Welcome to Media Insider, PR Newswire’s round-up of media stories from the week.
THE WASHINGTON POST | AMY B WANG
NPR tweeted the Declaration of Independence and some people got angry
For about 20 minutes on July 4, NPR traveled back to 1776. To echo its 29-year on-air tradition, the public radio network tweeted out the Declaration of Independence, line by line, over its main Twitter account. But, not everyone got it. NPR spokeswoman Isabel Lara told The Washington Post that sharing the text via Twitter is a way to include more people in the tradition. Many Twitter users, however, reacted angrily to the thread, accusing NPR of spamming them or pushing anti-Trump propaganda — calling it an “interesting way to condone violence.”
Speaking of political rhetoric: Free-press groups warn of violence against media.
TECHCRUNCH | JOSH CONSTINE
Snapchat lets you add links, voice filters and backdrops to Snaps
Snapchat is breaking its long-standing “no links” rule, while also providing some new creative tools to keep it one step ahead of Instagram, says TechCrunch. The new Paperclip feature lets users attach a website to a Snap that friends can swipe up to open in Snapchat’s internal browser. Backdrops lets users replace an object in a Snap with a colorful or artsy pattern to make it stick out, and Voice Filters give users the ability to remix the sound of their voices in Snaps.
THE GUARDIAN | JULIAN BORGER
Investigators explore if Russia colluded with pro-Trump sites during US election
The Guardian reported this week that investigators are looking into whether Trump supporters and far-right websites coordinated with Moscow over the release of fake news during the 2016 election. According to Mark Warner, the top Democrat on the Senate intelligence committee, “paid internet trolls working out of a facility in Russia” are responsible for spreading anti-Clinton fake news on social media sites during the campaign. Investigators are examining the interference, including possible links between Russian fake news factories and sites in the US.
IJNET | NICOLE SMITH DAHMEN
Study seeks 1,300 journalists’ opinions on improving coverage of mass shootings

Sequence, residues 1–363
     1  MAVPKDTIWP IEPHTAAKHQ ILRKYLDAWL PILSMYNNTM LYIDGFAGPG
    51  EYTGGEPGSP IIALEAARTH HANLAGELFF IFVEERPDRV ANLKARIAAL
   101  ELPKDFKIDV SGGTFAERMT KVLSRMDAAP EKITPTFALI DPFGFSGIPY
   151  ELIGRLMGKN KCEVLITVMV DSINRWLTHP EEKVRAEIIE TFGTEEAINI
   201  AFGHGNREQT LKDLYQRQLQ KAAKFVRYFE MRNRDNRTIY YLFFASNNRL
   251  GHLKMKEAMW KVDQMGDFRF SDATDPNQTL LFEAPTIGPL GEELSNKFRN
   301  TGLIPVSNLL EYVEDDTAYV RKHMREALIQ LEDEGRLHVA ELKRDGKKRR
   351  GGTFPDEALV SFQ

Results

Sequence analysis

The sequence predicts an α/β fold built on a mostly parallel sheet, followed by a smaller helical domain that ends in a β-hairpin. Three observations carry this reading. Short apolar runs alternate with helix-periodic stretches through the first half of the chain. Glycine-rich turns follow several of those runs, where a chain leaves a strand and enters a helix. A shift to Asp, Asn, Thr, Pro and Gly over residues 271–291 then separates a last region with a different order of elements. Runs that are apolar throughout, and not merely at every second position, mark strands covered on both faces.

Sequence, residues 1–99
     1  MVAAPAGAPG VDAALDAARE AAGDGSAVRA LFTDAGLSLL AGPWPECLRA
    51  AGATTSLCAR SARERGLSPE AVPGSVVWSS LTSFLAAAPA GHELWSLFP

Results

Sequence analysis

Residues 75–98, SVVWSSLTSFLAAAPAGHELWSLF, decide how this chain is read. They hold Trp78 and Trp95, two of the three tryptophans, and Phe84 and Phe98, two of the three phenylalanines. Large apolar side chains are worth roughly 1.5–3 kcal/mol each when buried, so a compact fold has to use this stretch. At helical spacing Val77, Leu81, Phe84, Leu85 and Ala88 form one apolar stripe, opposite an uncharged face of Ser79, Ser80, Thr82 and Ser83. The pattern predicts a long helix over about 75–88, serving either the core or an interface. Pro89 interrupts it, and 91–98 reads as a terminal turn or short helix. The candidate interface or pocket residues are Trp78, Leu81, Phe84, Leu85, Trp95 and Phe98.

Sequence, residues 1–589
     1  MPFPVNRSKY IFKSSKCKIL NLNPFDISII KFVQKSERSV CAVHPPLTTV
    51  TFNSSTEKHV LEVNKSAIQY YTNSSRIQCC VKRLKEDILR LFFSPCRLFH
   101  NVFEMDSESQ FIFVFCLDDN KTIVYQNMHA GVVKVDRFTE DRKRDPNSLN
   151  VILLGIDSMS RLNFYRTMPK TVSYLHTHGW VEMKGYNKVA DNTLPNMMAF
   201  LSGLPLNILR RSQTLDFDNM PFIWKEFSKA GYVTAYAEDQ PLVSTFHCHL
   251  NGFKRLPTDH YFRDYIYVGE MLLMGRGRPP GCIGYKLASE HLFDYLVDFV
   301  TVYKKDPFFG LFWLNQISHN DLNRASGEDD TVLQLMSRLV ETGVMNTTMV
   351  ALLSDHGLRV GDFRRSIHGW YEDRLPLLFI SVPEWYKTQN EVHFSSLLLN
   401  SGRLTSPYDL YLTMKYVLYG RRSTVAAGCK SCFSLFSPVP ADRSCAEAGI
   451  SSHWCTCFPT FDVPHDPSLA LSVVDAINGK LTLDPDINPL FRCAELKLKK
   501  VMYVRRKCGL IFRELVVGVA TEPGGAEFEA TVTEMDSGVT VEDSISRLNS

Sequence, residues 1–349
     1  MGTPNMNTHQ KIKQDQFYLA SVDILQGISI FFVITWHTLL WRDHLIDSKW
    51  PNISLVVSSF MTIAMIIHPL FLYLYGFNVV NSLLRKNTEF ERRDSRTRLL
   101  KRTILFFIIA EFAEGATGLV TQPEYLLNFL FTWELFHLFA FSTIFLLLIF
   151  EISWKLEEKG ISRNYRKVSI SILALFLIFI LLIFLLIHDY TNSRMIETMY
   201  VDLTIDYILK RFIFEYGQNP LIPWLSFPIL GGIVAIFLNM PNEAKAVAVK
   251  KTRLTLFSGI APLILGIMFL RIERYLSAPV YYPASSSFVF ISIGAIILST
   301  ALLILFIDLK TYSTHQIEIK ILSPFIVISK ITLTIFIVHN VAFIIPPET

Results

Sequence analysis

There have been 173 mass shootings so far this year, reports International Journalists’ Network. With intense media coverage spurring debate about gun violence, author Smith Dahmen and three other media scholars recently published a study on attitudes toward news coverage of mass shootings, using data from a national survey of more than 1,300 journalists. Among the findings: most journalists support typical perpetrator coverage, but also strongly support stories that focus on survivors and community resilience.
Traumatic events have been known to deeply affect the journalists who cover them. A new study investigates the emotional impact on journalists reporting the refugee crisis.
POYNTER | KRISTEN HARE
Last month, Facebook launched a pilot program with 6 local newsrooms. Here’s how it’s going
Six local newsrooms have been working with Facebook to help the social giant establish stronger ties to local news. According to Poynter, each organization is working on their own project during the six month project, building a direct relationship with Facebook, undergoing training and learning best practices for using the social network. The projects are one month in, and continue to develop. So far, the common refrain is that the local publishers are interested in more education on products like Instant Articles and how their peers are using them successfully.
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Tabresha B. Langham is a Customer Content Specialist with PR Newswire. She also is a social media junkie, foodie, music fiend and Auburn University Alumn (War Eagle!). Tune into her insights as a social curator at @PRNmedia, or follow @TabreshaL.